Hijab: Protests in Kerala in support of Iranian women, but in Karnataka another story
By Utkarsh Tripathi
Muslim women in Kerala on Monday burnt their hijabs in solidarity with the ongoing Iranian anti-hijab protests. At the seminar, which was organized by the Kerala Yuktivadi Sangam, women added to the anti-hijab dissent rocking in Iran and getting massive mileage in the Western media.
The seminar held in Kozhikode was titled Fanos-science and free-thinking. As a part of the seminar, Muslim women added to the discourse as they burnt the hijab, which, in Iran, imposed laws on women in the country.
Along with burning the hijab, the activists raised slogans and used placards to express their solidarity with Iranian women. Reports said the seminar was not only attended by Muslims but also by other communities.
Iran’s anti-hijab movement
On September 16, Mahsa Amini’s custodial killing by the Iran’s morality police in Tehran sparked massive protests across the country. Reports said Mahsa Amini was taken into custody for not following the government-ordered dress code which included wearing the hijab.
After Amini’s death, the anti-hijab protest spread throughout the country as Iranian women began to question the established dress code as well as the prioritisation of women’s choices. The hijab has been the cornerstone of women’s disaffection since the Islamic Revolution of 1979, which catapulted the Ayatollahs to power. This is the first outpouring of rage against what was taken to be a daily item of women’s clothing in Iran all this while since 1979.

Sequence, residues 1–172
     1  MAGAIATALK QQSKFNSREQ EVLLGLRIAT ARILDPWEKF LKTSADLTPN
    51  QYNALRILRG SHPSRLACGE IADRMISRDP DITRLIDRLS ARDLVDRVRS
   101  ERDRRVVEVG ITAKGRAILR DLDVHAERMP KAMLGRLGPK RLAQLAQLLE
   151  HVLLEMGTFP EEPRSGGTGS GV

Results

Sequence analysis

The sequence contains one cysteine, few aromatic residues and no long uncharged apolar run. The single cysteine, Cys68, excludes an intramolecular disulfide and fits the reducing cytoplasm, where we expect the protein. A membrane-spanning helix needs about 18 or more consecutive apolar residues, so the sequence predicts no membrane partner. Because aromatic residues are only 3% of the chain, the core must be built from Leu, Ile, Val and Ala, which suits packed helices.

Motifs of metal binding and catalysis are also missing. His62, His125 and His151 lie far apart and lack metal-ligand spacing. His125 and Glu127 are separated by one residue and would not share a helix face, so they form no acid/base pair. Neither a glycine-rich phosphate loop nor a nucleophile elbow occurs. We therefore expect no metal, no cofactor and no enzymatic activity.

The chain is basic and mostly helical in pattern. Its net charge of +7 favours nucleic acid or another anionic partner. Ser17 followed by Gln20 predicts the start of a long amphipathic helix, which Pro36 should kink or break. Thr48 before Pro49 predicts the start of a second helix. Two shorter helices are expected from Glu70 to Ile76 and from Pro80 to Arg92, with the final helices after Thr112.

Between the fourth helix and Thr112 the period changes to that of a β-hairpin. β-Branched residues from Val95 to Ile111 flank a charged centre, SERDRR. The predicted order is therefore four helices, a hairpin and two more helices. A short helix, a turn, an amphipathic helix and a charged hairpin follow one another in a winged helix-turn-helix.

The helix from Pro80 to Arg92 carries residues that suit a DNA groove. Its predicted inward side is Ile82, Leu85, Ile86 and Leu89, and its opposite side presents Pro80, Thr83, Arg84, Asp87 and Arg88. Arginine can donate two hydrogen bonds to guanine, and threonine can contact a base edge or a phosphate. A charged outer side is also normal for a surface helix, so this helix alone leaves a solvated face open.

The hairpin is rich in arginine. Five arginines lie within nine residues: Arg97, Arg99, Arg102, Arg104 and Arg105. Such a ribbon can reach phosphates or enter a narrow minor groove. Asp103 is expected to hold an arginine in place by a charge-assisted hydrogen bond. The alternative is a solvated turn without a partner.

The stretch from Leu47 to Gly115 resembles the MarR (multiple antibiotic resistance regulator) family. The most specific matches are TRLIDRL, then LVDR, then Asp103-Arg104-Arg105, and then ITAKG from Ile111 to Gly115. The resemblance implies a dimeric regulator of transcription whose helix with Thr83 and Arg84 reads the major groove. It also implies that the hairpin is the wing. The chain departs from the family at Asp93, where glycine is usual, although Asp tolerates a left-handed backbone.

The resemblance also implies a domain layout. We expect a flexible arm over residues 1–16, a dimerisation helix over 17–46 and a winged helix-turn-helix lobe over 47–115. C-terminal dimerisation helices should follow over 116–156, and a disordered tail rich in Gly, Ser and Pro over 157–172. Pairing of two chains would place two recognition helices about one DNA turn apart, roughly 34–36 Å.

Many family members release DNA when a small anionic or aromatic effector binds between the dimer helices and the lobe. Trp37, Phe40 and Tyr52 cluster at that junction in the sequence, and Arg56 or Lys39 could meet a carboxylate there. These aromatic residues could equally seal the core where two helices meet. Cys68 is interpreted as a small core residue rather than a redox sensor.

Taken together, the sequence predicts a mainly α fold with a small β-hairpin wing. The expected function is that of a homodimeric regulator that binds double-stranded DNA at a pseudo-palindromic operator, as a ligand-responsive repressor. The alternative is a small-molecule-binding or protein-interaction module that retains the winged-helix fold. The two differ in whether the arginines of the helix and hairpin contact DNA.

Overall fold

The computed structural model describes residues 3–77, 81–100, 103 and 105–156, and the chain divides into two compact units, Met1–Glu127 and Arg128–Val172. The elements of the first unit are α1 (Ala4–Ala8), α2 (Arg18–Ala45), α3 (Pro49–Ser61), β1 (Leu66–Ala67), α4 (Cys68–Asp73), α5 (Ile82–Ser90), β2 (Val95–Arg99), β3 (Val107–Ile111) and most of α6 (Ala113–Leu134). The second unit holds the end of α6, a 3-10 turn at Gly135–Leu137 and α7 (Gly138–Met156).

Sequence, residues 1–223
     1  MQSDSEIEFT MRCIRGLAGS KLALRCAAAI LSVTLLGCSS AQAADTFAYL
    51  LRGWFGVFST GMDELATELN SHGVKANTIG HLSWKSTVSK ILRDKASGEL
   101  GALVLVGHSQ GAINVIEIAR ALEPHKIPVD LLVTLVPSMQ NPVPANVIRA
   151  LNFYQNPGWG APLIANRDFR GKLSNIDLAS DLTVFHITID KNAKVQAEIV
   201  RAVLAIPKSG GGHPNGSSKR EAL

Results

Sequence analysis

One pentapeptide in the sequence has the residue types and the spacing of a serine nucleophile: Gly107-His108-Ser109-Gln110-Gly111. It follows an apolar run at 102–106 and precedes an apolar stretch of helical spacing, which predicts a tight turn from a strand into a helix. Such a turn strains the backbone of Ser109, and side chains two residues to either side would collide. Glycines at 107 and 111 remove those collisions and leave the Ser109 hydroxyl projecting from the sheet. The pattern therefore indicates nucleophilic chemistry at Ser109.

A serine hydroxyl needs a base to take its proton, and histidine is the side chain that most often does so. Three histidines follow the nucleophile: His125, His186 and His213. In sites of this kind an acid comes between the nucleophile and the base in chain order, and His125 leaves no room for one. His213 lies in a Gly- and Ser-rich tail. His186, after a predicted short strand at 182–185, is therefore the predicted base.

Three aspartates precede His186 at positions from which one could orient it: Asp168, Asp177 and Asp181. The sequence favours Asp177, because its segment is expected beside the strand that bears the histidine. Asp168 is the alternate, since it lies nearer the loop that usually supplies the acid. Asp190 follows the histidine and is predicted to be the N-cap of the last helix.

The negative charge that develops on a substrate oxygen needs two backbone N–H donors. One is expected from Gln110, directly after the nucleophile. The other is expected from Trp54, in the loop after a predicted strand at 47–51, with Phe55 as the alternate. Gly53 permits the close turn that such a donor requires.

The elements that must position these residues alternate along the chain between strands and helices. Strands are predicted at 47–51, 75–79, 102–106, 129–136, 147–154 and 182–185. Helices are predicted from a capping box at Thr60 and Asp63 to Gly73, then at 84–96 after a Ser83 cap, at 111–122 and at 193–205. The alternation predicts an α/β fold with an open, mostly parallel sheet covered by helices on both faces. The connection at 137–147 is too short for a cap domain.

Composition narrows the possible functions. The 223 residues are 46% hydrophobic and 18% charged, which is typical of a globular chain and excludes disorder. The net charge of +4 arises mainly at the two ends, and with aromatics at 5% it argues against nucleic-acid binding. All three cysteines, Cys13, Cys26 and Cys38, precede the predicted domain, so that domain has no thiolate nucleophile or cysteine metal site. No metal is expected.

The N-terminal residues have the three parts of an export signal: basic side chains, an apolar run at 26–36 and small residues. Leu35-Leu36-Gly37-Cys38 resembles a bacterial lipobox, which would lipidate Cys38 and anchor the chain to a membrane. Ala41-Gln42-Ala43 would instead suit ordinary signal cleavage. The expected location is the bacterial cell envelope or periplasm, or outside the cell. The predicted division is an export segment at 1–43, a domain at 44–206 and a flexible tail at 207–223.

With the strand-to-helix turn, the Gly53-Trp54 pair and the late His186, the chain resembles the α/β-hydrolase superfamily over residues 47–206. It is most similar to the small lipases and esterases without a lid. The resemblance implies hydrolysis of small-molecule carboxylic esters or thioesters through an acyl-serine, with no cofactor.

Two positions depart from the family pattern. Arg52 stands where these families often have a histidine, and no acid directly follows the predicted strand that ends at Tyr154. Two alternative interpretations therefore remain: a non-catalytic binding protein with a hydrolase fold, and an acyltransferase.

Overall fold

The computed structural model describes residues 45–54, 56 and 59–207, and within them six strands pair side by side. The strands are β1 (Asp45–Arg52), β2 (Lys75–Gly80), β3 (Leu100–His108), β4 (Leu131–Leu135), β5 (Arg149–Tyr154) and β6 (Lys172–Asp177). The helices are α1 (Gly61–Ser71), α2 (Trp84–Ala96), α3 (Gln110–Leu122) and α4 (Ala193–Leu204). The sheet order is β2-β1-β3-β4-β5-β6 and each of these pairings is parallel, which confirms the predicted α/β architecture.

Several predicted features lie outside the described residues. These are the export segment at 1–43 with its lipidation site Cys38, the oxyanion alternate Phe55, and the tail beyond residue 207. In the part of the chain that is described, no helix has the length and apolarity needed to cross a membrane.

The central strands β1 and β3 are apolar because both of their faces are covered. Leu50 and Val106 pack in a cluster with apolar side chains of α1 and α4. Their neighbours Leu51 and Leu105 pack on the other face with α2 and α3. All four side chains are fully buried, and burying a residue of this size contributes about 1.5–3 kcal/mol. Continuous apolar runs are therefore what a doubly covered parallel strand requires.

Post-Amini’s death, women chopped off their hair, burnt the hijab, and even knocked off the turbans of Islam clerics in their battle against the repressive law.
India joining in on anti-hijab protest and the contradiction
In July 2021, Muslim girl students were refused entry to attend classes in a government junior college in Karnataka’s Udupi for wearing hijab. After reports of the incident came to light, it took over the headlines and triggered debates across the country on the topic which ranged from the validity of wearing a hijab in Islamic law to fundamental rights.
The Udupi college stood stern since it was a government order that had decreed so. The college students even approached the Karnataka High Court for some relief, as well as, many petitions were filed for the same in January this year. The High Court ruled against wearing the hijab in educational institutions. The appeal to the Supreme Court ended in a split verdict, with two judges giving contrary orders.
Two opposing protests but still a woman’s right
Returning to wearing the hijab in Karnataka’s educational institutions, a student petitioner told media that her reasons for wearing the hijab is her independent and individual choice. Whereas, another person who shared the same sentiments on a woman’s choice was actor Elnaz Norouzi, who is from Iran but is in India currently. Norouzi said it was a woman’s choice to wear the hijab or not to as well.